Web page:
Trump and the Media

Trump and the Media

Gilbert N. Kahn is a professor of Political Science at Kean University.

Donald Trump replied today to media attacks on his charitable giving in general and gifts to American veterans groups in particular. His presentation once again was precisely the same drill which he has employed throughout the campaign when he has been attacked. Trump criticized the messengers.  He also made it clear that this type of adversarial relationship with the press which has followed him his entire life would continue for the rest of the campaign as well as in a future Trump White House. Responding to very strong and detailed Washington Post investigative journalism about Trump’s charitable giving, Trump attacked the reporters as well as those in the media who had lent credibility and credence to the Post’s analysis of Trump’s bragging about his generous giving. 

Trump sought to deny the report as well as the way the facts had been developed. He skewered the reporter as well as other supporting press and said explicitly that they ought to prepare for more of this in Trump White House. Showing once again his thin skin and his inability to deal with criticism, Trump sought to flat out embarrass the press by juggling explanations of what actually the facts are concerning Trump’s giving to veteran groups. Operating as if he can never err or be faulted, Trump persisted to pound the press; despite the fact that they clearly appeared to be doing their job.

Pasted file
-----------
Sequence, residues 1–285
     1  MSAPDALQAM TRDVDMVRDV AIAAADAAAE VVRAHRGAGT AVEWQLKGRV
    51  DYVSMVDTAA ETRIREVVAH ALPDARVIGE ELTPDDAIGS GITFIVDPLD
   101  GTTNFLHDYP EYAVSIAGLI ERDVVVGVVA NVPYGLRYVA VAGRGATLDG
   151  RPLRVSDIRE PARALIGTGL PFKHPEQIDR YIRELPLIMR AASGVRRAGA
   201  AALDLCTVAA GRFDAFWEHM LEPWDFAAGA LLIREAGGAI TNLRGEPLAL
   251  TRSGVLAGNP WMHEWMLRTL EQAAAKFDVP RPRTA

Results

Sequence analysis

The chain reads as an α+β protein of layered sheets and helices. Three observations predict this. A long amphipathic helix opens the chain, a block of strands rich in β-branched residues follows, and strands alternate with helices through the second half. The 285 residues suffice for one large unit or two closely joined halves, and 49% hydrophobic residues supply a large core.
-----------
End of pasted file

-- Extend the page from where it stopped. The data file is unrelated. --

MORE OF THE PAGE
The test ahead now is whether the media and especially the editors and publishers can sustain further investigation here and/or elsewhere for the balance of the campaign. If they fold as have many of Trump’s media critics and political opponents, the public will never truly find anything out about Trump’s businesses, previous political views, donations, etc. If the media leaves it all to the Clinton campaign—or even to Hillary’s apparent pit bull Elizabeth Warren—many of the facts may never emerge.   

While Trump’s minions will rally to his defense and attack the media as well, the independents and the wafflers may listen. The reporting and packaging must be totally seamless and error free. It must be scrupulous and extensive.  While the press has done its job fairly well in detailing Hillary’s foibles—especially with respect to her mis-use of Government emails—in chasing Clinton, the press has been dealing with a conventional candidate.  

Clinton knows it and ultimately Trump must learn that the press has a constructive job to do in American politics. It cannot be contained. Hopefully there are other reporters like Woodward and Bernstein’s who will be given their heading and support by other editors like Ben Bradlee.  

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